Nupr1 was produced and purified in LB media as described . For the production of 15N- or 15N, 13C- double- labelled samples the cells were grown in M9 minimal media, supplemented with vitamins, and purified as the protein grown in LB media .
Production of Chemically-damaged DNA
DNA from calf-thymus was incubated in the presence of etoposide (100 µM in (2,2,2-trifluoroethanol) TFE, Calbiochem, USA), to a final DNA concentration of 1 mg/ml. Samples were incubated at 4°C overnight to cause double- and single-strand breaks in DNA. We used TFE to dissolve etoposide, instead of the most commonly used DMSO, to avoid interferences in the acquisition of far-UV CD spectra. We carried out controls up to 10% (vol/vol) of TFE to be sure that the residual structure of MSL1, if any, was not altered upon TFE addition. The structure of Nupr1 is not altered upon TFE addition, as previously shown .
It is important to note that we do not have a proper assessment of the DNA damaged inflicted by etoposide, and that is generally admitted that it causes single- and double- strand breaks. From the NMR experiments (see below), it is clear that the size of the DNA-etoposide-treated is smaller than that of the original DNA.
DNA Binding Experiments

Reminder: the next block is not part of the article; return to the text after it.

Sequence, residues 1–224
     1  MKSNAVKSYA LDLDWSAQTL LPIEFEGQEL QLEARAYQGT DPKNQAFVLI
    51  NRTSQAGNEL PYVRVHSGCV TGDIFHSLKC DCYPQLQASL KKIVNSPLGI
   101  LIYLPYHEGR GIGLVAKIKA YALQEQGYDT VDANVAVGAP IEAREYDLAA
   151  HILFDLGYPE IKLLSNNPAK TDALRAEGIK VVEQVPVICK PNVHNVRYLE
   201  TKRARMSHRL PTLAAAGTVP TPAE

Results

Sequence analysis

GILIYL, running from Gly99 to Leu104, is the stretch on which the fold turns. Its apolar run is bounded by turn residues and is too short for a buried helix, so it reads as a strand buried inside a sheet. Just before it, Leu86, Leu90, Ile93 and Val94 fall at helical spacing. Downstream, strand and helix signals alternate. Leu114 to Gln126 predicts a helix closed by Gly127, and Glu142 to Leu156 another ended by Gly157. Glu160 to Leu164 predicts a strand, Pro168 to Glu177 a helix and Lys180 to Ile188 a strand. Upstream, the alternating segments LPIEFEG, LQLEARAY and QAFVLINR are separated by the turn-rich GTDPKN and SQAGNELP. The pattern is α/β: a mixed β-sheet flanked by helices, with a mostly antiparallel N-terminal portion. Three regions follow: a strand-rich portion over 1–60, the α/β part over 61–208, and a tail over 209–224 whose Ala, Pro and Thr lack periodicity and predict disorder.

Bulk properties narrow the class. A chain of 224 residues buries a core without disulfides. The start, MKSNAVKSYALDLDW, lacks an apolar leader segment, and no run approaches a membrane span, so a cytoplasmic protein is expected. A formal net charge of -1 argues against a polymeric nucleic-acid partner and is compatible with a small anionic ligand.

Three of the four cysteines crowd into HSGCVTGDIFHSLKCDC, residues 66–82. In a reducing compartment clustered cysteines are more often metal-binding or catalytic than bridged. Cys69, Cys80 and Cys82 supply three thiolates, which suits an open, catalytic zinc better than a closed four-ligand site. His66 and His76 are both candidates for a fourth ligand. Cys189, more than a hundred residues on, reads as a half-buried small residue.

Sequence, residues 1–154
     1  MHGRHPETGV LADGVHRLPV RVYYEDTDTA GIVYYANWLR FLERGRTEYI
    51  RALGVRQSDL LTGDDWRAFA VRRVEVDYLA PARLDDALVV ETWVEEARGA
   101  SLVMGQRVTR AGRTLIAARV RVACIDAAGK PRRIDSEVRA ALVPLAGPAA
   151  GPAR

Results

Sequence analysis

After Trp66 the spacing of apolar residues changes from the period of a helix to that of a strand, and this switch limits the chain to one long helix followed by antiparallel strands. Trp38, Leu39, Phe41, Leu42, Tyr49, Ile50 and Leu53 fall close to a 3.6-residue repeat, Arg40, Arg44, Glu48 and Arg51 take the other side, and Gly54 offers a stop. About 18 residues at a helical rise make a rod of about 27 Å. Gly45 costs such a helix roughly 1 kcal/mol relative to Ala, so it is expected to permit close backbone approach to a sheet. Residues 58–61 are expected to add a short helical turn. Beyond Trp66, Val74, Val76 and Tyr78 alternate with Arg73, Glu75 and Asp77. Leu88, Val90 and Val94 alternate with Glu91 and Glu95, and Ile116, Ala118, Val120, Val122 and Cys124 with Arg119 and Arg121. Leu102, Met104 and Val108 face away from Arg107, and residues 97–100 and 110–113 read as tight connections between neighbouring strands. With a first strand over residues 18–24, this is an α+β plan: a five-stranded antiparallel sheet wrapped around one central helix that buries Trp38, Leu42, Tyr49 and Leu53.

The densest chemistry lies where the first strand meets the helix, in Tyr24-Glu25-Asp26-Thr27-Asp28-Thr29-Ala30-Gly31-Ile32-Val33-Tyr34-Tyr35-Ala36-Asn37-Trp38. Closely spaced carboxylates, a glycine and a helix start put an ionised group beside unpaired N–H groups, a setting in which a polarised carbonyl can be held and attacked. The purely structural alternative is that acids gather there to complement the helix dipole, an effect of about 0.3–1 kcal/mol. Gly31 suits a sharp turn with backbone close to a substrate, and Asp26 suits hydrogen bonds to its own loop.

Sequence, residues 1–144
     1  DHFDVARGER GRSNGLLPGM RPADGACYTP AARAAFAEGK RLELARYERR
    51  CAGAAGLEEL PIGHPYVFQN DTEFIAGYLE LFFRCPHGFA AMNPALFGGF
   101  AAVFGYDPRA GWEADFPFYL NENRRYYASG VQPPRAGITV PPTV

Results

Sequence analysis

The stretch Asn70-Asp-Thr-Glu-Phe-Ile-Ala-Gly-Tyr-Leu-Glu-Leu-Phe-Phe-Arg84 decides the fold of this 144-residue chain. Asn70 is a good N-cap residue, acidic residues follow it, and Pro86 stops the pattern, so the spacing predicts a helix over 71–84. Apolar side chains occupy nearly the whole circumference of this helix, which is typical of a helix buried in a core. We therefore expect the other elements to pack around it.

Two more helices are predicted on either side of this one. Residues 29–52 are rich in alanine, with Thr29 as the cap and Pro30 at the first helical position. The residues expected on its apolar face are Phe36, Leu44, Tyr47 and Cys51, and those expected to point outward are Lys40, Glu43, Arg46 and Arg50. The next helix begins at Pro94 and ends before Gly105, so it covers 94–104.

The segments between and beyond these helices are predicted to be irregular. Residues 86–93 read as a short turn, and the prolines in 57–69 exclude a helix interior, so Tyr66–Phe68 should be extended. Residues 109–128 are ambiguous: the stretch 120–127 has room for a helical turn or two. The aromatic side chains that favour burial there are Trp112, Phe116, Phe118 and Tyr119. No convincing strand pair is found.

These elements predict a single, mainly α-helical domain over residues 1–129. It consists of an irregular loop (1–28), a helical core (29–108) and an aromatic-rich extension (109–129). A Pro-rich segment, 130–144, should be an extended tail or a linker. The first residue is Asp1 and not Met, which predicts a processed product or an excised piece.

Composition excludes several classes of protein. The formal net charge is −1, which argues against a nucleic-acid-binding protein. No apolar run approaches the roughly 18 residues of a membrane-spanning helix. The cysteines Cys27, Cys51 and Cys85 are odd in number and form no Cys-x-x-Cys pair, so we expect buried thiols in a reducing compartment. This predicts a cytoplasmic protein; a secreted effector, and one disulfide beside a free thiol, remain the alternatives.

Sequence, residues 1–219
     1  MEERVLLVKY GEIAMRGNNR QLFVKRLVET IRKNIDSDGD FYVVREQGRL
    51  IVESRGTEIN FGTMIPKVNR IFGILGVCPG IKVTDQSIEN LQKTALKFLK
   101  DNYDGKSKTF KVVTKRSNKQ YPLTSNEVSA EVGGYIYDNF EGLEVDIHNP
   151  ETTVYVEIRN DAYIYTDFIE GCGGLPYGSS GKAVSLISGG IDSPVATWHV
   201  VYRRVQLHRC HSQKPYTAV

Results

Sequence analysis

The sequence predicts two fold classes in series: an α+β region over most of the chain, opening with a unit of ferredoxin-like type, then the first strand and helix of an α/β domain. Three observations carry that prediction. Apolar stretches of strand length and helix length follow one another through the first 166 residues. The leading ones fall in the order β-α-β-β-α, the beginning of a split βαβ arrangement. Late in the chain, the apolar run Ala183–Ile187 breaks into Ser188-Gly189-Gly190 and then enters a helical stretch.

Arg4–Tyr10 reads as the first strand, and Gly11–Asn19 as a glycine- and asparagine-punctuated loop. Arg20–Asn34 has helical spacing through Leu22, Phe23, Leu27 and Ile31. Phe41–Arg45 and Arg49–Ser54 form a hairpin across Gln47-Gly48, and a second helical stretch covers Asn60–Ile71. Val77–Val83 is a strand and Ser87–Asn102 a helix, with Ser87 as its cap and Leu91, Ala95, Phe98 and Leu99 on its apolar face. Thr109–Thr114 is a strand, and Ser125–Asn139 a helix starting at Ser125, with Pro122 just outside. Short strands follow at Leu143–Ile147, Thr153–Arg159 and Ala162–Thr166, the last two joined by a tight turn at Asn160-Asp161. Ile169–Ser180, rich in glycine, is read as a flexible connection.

For the binding experiments with DNA (either damaged or non-damaged), far-UV CD and fluorescence spectra were acquired at 20 µM of each protein (MSL1 and/or Nupr1) and an equal amount (in mg) of damaged- or non-damaged- DNA, at pH 4.5 (50 mM acetate buffer). Far-UV CD and fluorescence spectra were acquired for each isolated protein (at the same concentration), and, in addition, for MSL1 + Nupr1, MSL1 + DNA, Nupr1 + DNA, and MSL1 + Nupr1 + DNA complexes at 25°C. For the binding experiments with DNA, we used calf-thymus DNA, because: (i) its binding to Nupr1 has been previously described ; and, (ii) the DNA-sequence specifically recognized by Nupr1 is not known. We also carried out measurements at 20 µM of TRX-tag to rule out the possibility of DNA binding, by using fluorescence or CD; no variation of the TRX-tag spectral features in the presence of DNA was observed by any technique when compared to those in its absence. The isolated TRX-tag was obtained as described .